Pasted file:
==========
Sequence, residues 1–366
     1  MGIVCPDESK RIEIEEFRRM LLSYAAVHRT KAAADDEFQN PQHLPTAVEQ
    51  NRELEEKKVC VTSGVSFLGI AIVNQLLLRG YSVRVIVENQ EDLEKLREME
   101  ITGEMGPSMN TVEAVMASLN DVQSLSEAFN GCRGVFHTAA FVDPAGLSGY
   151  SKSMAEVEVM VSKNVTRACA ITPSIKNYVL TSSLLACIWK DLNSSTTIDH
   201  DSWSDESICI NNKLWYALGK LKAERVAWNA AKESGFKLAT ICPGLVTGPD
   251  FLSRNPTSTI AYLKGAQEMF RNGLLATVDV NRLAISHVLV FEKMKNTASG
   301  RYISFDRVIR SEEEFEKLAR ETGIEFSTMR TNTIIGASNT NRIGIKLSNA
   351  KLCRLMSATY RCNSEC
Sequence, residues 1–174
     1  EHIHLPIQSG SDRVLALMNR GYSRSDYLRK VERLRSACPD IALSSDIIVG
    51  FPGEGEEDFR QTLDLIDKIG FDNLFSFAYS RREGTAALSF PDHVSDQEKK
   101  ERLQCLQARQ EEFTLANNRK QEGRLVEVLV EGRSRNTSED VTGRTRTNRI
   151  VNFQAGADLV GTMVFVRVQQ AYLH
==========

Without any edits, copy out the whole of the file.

Sequence, residues 1–366
     1  MGIVCPDESK RIEIEEFRRM LLSYAAVHRT KAAADDEFQN PQHLPTAVEQ
    51  NRELEEKKVC VTSGVSFLGI AIVNQLLLRG YSVRVIVENQ EDLEKLREME
   101  ITGEMGPSMN TVEAVMASLN DVQSLSEAFN GCRGVFHTAA FVDPAGLSGY
   151  SKSMAEVEVM VSKNVTRACA ITPSIKNYVL TSSLLACIWK DLNSSTTIDH
   201  DSWSDESICI NNKLWYALGK LKAERVAWNA AKESGFKLAT ICPGLVTGPD
   251  FLSRNPTSTI AYLKGAQEMF RNGLLATVDV NRLAISHVLV FEKMKNTASG
   301  RYISFDRVIR SEEEFEKLAR ETGIEFSTMR TNTIIGASNT NRIGIKLSNA
   351  KLCRLMSATY RCNSEC
Sequence, residues 1–174
     1  EHIHLPIQSG SDRVLALMNR GYSRSDYLRK VERLRSACPD IALSSDIIVG
    51  FPGEGEEDFR QTLDLIDKIG FDNLFSFAYS RREGTAALSF PDHVSDQEKK
   101  ERLQCLQARQ EEFTLANNRK QEGRLVEVLV EGRSRNTSED VTGRTRTNRI
   151  VNFQAGADLV GTMVFVRVQQ AYLH